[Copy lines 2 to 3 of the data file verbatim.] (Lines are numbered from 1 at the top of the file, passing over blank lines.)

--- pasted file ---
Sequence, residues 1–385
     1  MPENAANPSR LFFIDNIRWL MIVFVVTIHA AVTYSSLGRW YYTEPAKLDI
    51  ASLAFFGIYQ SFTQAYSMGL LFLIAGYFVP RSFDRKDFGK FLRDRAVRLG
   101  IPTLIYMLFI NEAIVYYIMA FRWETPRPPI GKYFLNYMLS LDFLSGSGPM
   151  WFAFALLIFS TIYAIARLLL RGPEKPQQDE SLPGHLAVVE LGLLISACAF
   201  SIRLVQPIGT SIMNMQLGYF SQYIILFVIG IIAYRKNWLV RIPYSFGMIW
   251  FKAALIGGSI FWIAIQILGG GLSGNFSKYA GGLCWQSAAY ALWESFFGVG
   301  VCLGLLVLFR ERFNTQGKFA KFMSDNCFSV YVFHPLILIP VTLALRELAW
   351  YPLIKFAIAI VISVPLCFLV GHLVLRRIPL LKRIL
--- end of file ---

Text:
     1  MPENAANPSR LFFIDNIRWL MIVFVVTIHA AVTYSSLGRW YYTEPAKLDI
    51  ASLAFFGIYQ SFTQAYSMGL LFLIAGYFVP RSFDRKDFGK FLRDRAVRLG